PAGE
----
The Clenis on Torture

This is what apresident who is not a coward sounds like.

Former U.S. President Bill Clinton joined a chorus of critics of Bush administration proposals for treating suspected terrorists, saying it would be unnecessary and wrong to give broad approval to torture.

In an interview with National Public Radio aired on Thursday, Clinton said any decision to use harsh treatment in interrogating suspects should be subject to court review.

“You don’t need blanket advance approval for blanket torture,” Clinton said.

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Clinton warned against circumventing international standards on prisoner treatment, citing U.S. abuses at Abu Ghraib prison in Iraq, criticism of treatment at the Guantanamo Bay prison for suspected terrorists and a secret CIA prison system outside the United States.

“The president says he’s just trying to get the rules clear about how far the CIA can go when they’re when they whacking these people around in these secret prisons,” Clinton said in NPR’s “Morning Edition” interview, recorded on Wednesday.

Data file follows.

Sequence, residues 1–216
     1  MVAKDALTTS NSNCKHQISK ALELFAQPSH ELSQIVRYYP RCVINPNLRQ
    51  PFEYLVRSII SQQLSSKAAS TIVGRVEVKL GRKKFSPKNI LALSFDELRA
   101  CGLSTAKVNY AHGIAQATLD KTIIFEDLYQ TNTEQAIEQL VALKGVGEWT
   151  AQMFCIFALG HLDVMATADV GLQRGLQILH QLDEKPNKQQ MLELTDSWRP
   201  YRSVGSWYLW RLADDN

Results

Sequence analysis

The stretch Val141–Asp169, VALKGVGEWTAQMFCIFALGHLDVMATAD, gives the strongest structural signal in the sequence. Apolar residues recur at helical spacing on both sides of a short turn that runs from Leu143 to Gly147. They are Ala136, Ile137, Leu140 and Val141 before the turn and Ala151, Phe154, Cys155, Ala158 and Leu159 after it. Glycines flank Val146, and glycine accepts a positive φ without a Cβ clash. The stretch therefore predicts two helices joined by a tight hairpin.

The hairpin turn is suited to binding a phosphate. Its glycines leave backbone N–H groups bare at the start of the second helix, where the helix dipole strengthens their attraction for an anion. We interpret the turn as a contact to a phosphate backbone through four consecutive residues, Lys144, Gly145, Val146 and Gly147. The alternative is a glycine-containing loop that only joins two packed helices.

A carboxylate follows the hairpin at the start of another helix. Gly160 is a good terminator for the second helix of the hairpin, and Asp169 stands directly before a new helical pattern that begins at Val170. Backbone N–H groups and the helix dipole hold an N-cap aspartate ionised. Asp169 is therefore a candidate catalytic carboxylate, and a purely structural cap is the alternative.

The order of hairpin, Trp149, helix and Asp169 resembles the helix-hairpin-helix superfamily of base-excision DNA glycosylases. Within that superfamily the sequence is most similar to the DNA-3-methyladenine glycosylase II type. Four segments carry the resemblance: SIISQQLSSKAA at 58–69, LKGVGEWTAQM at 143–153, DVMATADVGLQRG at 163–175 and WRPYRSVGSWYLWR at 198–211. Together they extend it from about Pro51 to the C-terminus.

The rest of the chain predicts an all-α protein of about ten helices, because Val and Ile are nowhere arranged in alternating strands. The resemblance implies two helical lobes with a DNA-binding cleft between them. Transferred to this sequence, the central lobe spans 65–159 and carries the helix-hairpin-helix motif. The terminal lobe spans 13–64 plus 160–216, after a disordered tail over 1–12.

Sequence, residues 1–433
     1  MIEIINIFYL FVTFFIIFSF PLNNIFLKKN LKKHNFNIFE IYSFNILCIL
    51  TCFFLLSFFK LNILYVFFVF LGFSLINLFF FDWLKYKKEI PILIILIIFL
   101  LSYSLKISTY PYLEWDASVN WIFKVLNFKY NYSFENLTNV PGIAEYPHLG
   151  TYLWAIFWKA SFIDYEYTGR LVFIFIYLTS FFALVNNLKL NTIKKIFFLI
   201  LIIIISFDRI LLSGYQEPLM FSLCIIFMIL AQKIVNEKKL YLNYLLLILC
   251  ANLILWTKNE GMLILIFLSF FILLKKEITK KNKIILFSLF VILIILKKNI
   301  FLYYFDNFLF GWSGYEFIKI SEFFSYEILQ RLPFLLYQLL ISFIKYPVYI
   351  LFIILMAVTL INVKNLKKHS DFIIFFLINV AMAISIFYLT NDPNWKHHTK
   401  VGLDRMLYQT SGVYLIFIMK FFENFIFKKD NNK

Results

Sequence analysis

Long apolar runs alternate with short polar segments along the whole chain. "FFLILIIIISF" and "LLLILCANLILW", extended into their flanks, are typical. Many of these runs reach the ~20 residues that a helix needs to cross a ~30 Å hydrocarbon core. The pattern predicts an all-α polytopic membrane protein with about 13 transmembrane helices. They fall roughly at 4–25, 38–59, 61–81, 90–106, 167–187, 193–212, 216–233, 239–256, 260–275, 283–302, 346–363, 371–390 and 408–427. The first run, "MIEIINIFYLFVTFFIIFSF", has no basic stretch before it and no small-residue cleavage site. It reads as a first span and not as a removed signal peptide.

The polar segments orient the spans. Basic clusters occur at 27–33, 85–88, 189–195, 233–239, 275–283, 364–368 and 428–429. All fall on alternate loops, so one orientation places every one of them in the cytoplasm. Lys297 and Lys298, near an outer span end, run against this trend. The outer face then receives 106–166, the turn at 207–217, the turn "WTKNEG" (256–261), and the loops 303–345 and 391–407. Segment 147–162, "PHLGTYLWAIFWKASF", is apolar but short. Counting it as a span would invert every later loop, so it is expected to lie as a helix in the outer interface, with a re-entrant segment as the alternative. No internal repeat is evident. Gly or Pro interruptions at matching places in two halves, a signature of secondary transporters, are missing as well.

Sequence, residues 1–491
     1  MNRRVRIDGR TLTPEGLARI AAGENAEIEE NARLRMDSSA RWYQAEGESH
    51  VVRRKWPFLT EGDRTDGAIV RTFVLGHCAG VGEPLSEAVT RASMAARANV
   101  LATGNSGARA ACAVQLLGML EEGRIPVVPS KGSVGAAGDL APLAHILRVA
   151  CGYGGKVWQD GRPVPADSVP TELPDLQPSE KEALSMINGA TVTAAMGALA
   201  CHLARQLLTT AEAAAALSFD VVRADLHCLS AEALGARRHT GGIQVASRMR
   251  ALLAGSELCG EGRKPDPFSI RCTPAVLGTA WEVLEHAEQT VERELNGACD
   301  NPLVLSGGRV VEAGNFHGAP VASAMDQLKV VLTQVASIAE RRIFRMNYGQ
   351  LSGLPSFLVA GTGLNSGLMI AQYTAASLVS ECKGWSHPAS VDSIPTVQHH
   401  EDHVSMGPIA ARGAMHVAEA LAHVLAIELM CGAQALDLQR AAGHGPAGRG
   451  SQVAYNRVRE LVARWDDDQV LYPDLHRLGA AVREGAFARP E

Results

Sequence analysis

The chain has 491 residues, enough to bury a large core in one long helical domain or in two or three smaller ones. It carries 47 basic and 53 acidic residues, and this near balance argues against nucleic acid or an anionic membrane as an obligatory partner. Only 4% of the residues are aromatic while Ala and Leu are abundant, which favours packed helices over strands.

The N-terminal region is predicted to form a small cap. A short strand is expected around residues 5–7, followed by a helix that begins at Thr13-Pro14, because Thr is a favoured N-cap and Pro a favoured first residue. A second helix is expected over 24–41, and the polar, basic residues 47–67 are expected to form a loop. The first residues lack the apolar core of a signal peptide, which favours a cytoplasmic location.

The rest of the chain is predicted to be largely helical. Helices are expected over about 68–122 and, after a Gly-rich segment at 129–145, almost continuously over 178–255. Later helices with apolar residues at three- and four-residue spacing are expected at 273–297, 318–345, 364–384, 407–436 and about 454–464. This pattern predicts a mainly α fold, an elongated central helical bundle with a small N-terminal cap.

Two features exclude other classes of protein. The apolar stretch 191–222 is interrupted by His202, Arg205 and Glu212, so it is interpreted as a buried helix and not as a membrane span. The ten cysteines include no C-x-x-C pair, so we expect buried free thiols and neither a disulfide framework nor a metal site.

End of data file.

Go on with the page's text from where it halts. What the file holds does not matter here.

“If you go around passing laws that legitimize a violation of the Geneva Convention and institutionalize what happened at Abu Ghraib or Guantanamo, we’re going to be in real trouble,” he said.

Like other critics, he said information obtained with harsh treatment may be unreliable and adopting abusive practices could lead to captured U.S. troops being subjected to the same.

Even if there were circumstances where such treatment is necessary to prevent an imminent attacks, Clinton said: “You don’t make laws based on that. You don’t sit there and say in general torture’s fine if you’re a terrorist suspect. For one thing, we know we have erred in who was a real suspect.”